Social Media

Snapchat's ad rates drop as brands find problems

When Snapchat first offered ads on its platform in January 2015, it was asking brands to pay a minimum of $750,000 for a one-day ad, said several sources who purchase advertising from the company.

Today, however, is a different story.

Prices have dropped far below that, to levels starting at $50,000 — and one media buyer said there is wiggle room to go below that threshold. Another source said that Snapchat gave them an ad for free, just because the team liked their idea.

To be sure, Snapchat has more product offerings for advertisers now than when it launched ads — including traditional video ads that play in between content, sponsorship of their community-led "Live Stories" and branded filters, which are effects that you can put on your photos and videos. Multiple sources also said that the company has hinted it will be adding brand-owned Snapchat Discover stories in the future.

That said, the price reductions are real. For example, the first ad product the company offered was a 30-second video ad called a "Brand Story," which cost a minimum of $750,000. Today, advertisers say getting inside a "Live Story" runs about $250,000. They added that a "takeover" of a Snapchat Discover publisher channel can be had for $50,000.

Snapchat denied claims ad prices were cut, but chalked the price changes to the addition of different kinds of ad units to allow for smaller and larger ad campaigns.

Some argued that Snapchat's drastic reduction in price was mostly because initial rates were far above the industry norms, saying the company was hoping to attract executives at brands who wanted to be first to advertise on any buzzed-about technology platform for bragging rights. Most social media platforms debut ads at a high rate for that reason, the sources said. In any case, it has made some of the advertising agency community hesitant to pay for advertising on Snapchat, unless their clients insisted upon it.

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But most of the sources agreed that there were troubling aspects of Snapchat's advertising offerings. For one thing, the platform offered limited data on its users — besides how many people opened its ad and basic information on age and geographic location. It also did not guarantee a minimum number of users who would see that ad. All of which makes it hard to prove return on investment, especially given the high prices.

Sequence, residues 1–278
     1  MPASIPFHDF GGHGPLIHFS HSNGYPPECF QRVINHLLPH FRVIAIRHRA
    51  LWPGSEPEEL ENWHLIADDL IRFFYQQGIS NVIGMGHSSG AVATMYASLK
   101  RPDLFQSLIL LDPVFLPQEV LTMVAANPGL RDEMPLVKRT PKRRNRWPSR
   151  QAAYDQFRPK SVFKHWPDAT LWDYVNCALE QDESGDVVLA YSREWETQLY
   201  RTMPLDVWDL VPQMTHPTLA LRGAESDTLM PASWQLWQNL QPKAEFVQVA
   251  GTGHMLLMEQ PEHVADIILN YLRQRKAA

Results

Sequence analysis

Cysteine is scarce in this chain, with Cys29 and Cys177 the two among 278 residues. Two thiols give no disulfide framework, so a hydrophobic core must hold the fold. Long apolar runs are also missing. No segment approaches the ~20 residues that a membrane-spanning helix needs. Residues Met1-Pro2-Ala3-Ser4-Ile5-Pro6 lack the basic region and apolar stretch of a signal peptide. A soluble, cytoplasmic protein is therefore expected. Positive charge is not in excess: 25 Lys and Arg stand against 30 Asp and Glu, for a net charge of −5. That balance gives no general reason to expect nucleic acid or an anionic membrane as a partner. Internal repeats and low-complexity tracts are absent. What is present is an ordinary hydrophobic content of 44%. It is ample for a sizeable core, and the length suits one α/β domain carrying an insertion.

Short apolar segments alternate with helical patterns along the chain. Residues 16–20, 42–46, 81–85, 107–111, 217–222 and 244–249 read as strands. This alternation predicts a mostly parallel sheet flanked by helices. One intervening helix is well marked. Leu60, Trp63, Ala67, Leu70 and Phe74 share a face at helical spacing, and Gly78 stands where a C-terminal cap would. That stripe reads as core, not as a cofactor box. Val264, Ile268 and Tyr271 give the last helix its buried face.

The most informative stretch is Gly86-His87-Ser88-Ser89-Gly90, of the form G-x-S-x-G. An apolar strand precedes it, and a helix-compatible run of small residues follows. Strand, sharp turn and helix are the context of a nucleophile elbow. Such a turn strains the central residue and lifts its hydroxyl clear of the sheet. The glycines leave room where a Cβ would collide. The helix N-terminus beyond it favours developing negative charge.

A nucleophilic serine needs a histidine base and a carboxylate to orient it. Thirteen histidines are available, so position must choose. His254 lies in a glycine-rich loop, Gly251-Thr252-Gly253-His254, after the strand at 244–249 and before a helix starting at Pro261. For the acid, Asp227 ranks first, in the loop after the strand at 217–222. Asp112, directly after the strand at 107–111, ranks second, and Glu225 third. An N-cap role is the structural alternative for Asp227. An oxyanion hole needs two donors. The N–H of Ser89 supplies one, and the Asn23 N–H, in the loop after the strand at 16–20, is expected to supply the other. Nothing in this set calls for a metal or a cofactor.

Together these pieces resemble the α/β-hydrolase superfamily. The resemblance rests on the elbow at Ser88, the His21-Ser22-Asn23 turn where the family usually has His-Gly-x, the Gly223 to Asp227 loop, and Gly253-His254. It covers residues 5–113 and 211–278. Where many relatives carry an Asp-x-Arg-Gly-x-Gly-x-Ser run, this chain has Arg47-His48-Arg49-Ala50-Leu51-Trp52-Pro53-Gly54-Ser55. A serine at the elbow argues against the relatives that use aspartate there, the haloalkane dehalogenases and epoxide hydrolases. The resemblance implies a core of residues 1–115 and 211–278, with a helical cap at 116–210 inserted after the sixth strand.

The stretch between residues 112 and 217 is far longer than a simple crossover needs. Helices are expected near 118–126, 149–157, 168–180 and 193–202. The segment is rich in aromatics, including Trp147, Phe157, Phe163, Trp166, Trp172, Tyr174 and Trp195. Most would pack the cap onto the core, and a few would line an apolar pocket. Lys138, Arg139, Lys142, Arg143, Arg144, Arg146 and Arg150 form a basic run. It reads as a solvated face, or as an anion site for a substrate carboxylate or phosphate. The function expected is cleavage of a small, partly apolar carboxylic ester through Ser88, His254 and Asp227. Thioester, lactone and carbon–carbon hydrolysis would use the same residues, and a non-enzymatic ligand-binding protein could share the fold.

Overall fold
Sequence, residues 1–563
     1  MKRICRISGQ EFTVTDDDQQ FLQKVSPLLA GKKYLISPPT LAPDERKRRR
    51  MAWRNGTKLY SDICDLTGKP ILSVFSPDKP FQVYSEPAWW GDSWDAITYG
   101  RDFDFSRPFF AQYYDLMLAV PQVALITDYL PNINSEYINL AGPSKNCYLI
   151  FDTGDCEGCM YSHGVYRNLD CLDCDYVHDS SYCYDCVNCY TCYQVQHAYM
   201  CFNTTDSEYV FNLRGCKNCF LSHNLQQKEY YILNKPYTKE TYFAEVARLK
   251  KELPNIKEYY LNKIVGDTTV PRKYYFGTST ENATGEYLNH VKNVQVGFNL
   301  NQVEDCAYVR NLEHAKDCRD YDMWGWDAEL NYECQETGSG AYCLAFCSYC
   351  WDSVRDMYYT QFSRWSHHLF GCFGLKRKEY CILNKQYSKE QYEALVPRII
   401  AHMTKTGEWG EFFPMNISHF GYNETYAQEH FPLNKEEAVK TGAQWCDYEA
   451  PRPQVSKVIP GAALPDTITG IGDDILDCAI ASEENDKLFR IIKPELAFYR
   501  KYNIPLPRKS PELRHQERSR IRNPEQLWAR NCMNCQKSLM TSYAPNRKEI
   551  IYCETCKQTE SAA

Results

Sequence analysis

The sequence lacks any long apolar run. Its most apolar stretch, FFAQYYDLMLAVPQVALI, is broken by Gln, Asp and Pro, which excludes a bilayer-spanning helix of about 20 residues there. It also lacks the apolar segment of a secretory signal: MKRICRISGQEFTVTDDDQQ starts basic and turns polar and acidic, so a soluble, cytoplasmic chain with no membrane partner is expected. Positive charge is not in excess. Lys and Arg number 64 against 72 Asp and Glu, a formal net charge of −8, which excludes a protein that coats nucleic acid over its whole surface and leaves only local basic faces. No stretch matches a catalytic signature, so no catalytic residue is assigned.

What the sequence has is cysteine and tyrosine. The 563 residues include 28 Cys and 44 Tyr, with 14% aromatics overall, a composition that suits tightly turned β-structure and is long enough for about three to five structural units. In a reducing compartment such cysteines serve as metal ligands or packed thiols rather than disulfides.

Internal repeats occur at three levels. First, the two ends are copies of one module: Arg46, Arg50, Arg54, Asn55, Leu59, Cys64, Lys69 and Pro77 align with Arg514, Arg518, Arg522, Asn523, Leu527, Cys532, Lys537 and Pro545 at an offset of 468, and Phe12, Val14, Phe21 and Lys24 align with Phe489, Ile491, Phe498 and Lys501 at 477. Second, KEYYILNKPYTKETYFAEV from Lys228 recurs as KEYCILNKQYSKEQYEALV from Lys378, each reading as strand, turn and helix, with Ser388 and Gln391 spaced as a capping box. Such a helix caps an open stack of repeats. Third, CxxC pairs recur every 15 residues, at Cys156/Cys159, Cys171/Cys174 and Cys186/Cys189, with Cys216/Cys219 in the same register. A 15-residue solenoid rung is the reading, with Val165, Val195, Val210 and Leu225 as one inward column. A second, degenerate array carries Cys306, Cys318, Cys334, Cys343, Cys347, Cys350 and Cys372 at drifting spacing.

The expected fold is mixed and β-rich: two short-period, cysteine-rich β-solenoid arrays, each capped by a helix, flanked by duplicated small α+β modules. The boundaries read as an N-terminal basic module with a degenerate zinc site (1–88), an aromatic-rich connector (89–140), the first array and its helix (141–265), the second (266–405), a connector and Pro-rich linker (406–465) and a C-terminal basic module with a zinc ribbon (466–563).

The informative data have become industry standards for companies like Facebook, Google and Twitter, who also offer much more detailed information on the kinds of people viewing ads, including household income, occupation and previous content they looked at. Those social media outlets are also more capable of targeting a brand's customers. While Facebook, Instagram, YouTube and Twitter are must-buy ads for anyone trying to do digital media marketing, many said Snapchat remains a supplemental buy only if budget allows for experimentation.

The other problem is that Snapchat's young audience isn't desirable for many brands, several sources contended. The majority of users are under the age of 25, and although their older millennial (25 to 35) base is growing, it doesn't have the same concentration levels as Facebook, YouTube and Twitter.

Add to that the fact that creating advertising for Snapchat involves vertical video and a different style of video ad, which means that companies would have to allocate additional resources and funds for something that often could not be reused elsewhere online.

Multiple people also claimed that not many users were seeing the ads. Many companies place ads in between the stories on Snapchat Discover — the company's publisher-led content platform that lets media companies post their own content — and one media buyer said that people were only looking at an average of four to five seconds of the standard 10-second ad because they were easily skippable. (Forty-four percent of users used Snapchat Discover, one media agency was told.)

Another issue that was raised by two media agencies was that Snapchat's sales team was mostly made up of older people — meaning nonmillennials — who didn't understand how it worked, and in one case, had to be "trained" by the agency themselves.

That being said, sources claimed Snapchat was still a valid platform for advertising — as long as you didn't have to pay for it. Many said they were seeing greater success with making free brand-owned accounts, and posting their own content or hiring popular Snapchat users to post brand-sponsored content. One brand said that leading brand-created content using the free accounts' snaps could get more than 115,000 views during high-profile moments, while another said it was seeing more than 40,000 views during peak events.

One source noted that part of the issue was that Snapchat was more effective if brands thought about it as a messaging platform like text messaging, instead of a social media outlet. They said that any forms of "traditional" advertising like its video ads would not work on its young millennial user base, which is highly skeptical of advertising.

To be fair, before Facebook launched its ad platform, many companies were also finding advertising success by creating their own free, brand-owned pages. Many sources believed that there was potential for Snapchat to develop into a mature platform in the future, but it was nowhere near that right now.

UPDATE: The story has been updated to reflect comment and clarification from Snapchat. The original story stated that the sponsored "Live Story" cost $750,000 when advertising launched, but it was actually the "Brand Story" video ad. This version also reflects additional current ad prices from multiple sources.